a climate change pic

I-SEM Two Years On – Part 1 – A look back at the value and volatility in the Irish electricity market

A Flexible Procurement Strategy Naturgy

Eoin Mooney, Heading of Trading and Dara Faulkner, Trading Analyst, energy experts at Naturgy Ireland regularly work with customers to guarantee the best value and prices for their energy in Ireland.

The introduction of the I-SEM (Integrated Single Electricity Market) in Ireland two years ago has had a tremendous impact on the Irish electricity sector. From greater value to consumers, to greater volatility in the market, Eoin and Dara have produced a three-part series of blogs on what the I-SEM has meant for consumers and what to expect in the future. 

Blog Series: I-SEM – “The Toddler Years”.

Article 1: Wholesale Market Prices

Having recently celebrated its 2nd birthday on October 1st, 2020, the I-SEM (Integrated Single Electricity Market) is a mere Toddler in terms of maturity and development. However, like most Toddlers it is starting to show some strong personality traits and characteristics that look like they are here to stay.

In today’s article we are going to look at the Wholesale Electricity Market in detail and examine the impact the introduction of I-SEM has had on the Wholesale Power Price. In doing so we will compare prices before and after the I-SEM launch and show how Irish electricity consumers have benefitted greatly from I-SEM market performance by availing of a floating tariff tracking the Wholesale Market directly e.g. Naturgy Tracker.

There is no doubt that directly tracking the Wholesale Electricity Market is more valuable in terms of energy costs when compared with most fixed-price tariffs. In our article tomorrow, we will look at the volatility that occurs day-to-day in this Wholesale Market and introduce the concept of a flexible approach to procurement.

Flexible procurement allows electricity consumers to fix in prices for portions of their electricity load while floating the remainder at the Wholesale Price. This enables them to manage risk and achieve some budget certainty, while also allowing them to capture some of the renewables-driven value that we are seeing in the market.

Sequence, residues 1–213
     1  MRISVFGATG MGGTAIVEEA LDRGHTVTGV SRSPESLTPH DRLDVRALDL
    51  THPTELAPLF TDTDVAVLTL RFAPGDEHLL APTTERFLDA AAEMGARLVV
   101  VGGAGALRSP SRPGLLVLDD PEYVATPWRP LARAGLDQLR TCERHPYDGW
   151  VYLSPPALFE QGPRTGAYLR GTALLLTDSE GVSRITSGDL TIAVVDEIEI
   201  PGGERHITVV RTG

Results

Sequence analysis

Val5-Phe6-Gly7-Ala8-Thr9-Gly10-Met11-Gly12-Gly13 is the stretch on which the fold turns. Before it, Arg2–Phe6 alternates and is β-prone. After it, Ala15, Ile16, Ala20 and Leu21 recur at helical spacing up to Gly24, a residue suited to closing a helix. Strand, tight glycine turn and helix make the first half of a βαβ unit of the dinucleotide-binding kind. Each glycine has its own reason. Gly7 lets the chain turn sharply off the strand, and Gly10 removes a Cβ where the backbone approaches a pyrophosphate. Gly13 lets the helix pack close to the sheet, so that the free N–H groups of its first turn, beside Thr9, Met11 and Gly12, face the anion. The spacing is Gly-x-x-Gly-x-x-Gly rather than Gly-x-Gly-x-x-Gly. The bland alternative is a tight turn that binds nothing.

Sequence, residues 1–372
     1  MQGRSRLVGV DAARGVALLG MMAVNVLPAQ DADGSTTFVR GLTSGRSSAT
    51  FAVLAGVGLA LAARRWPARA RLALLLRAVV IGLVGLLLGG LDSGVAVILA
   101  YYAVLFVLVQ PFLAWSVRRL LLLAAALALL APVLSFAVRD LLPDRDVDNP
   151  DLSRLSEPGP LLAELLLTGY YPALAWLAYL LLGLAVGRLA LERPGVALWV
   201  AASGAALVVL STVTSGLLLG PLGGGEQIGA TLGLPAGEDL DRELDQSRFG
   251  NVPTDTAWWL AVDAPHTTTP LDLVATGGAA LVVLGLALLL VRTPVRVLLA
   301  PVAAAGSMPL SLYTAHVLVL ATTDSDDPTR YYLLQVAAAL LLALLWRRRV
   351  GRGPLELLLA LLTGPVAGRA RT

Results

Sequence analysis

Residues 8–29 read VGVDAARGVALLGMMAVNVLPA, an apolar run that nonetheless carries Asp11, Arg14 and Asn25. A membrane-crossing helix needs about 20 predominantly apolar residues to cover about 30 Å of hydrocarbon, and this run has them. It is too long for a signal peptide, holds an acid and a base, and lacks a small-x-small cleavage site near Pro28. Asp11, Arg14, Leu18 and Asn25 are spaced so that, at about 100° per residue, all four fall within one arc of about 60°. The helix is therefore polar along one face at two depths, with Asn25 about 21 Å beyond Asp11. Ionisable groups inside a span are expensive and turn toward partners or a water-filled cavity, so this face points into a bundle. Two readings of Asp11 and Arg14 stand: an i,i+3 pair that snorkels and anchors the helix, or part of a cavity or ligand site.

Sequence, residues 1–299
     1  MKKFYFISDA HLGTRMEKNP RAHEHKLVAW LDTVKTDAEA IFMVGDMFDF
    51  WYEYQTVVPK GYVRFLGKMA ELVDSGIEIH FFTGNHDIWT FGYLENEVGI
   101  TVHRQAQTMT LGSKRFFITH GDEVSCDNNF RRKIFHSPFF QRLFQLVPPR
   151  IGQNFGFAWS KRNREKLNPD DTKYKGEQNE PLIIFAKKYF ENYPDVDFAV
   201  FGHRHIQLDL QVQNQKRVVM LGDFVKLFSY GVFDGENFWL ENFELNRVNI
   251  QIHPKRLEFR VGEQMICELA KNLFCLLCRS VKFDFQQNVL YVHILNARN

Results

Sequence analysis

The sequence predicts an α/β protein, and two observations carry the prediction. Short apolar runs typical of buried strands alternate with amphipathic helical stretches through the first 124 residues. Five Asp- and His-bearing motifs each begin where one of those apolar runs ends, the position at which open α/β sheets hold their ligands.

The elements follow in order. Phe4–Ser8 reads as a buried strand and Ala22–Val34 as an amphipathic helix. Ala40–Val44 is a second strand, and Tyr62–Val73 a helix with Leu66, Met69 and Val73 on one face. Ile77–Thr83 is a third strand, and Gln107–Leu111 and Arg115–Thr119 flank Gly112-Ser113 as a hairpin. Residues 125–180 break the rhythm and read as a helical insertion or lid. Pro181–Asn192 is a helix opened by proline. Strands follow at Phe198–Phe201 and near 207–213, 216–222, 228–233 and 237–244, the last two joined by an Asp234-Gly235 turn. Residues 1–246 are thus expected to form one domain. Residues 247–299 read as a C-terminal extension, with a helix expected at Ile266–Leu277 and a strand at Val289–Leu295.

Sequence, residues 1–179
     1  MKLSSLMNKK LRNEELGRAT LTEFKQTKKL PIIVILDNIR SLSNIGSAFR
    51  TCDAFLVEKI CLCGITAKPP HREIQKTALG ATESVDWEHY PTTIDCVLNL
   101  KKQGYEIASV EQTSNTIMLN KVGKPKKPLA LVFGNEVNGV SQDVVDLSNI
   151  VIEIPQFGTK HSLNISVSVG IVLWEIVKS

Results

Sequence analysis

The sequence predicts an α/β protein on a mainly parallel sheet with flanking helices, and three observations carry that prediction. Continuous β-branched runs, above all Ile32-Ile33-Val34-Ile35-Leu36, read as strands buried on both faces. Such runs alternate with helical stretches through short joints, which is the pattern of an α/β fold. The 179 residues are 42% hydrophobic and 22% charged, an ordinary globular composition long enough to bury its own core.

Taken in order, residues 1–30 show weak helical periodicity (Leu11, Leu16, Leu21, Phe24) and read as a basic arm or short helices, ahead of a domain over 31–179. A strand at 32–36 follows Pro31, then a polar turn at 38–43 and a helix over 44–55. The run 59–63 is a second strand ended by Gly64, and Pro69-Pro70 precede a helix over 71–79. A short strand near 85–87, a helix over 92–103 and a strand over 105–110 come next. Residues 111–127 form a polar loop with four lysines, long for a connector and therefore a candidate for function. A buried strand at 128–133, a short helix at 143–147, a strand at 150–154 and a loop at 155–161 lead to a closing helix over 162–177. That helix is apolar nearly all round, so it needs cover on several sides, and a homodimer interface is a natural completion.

When looking at the market volatility we will see that it is most significant during the peak demand hours (evening), especially in the Winter months. This presents an opportunity for electricity customers on a floating tariff, that have flexibility in their load scheduling, to manage their exposure to peak demand prices and further reduce their energy costs.

In the third and final article in the series, having completed our look back on the first two years of I-SEM, we will discuss what this means for Irish Power Consumers and further explore the concept of a flexible procurement strategy.

Wholesale Prices 

What do we mean by Wholesale Power Price?

This is the price that suppliers, like Naturgy Ireland, pay in the market for power consumed by their customers. It is determined via a daily auction at 11am and prices are set at that time for the next day’s power consumption (“Day Ahead” auction).

Before the new market arrangements came into effect two years ago, the Wholesale Power Price was determined by the system operator and was set four days after consumption. It was known as the System Marginal Price (“SMP”). This new daily auction mechanism is a significant factor behind the wholesale market performance we are now going to look at.

Power Prices Performed in ISEM

Figure 1 shows a decrease in the Wholesale Power Price from SEM to I-SEM. The daily average wholesale power price has continued this downward trend as I-SEM has progressed.  I-SEM Year 2 saw the first instances of negative average daily wholesale power prices: 5th April (-€2.47/MWh), 23rd May (-€10.05/MWh), 28th June (-€4.08/MWh), 5th July (-€0.92/MWh).

Negative wholesale pricing can occur due to the unconstrained nature of the Day Ahead auction that sets the wholesale price, when there is an excess of wind volumes on the sell side of the auction (vs demand on the buy side), willing to clear at negative prices.

We can however see from Figure 1 that I-SEM has brought increased volatility in the average wholesale power price day-to-day which we will discuss in the next article tomorrow.  

 

Figure 2 looks at the average Wholesale Power Price on a monthly basis, and we can see from this chart the average price has fallen from SEM to I-SEM, and again from I-SEM Year 1 to I-SEM Year 2.

The Wholesale Power Price for I-SEM averages to €46.61/MWh. This is a decrease of €6.56/MWh when compared to the last two years of SEM, which had an average of €53.17/MWh.

For a medium sized Industrial & Commercial Electricity Customer on a floating tariff, this drop would have resulted in over €100,000 of savings on energy costs alone.

Since the new market went live on October 1st 2018 the average electricity price has decreased by €20.43/MWh from I-SEM Year 1 (€56.84/MWh) to I-SEM Year 2 (€36.41/MWh). The high Wholesale Power Prices experienced in the first Winter of I-SEM have proven to be a thing of the past, as the average price for Winter I-SEM Year 2 was lower than the previous three Winters. The Summer and Winter averages have decreased by 33% and 38% respectively.  

In tomorrow’s instalment of this series I-SEM – “The Toddler Years”, we discuss 
Article 2: Market Volatility – The “Terrible Twos”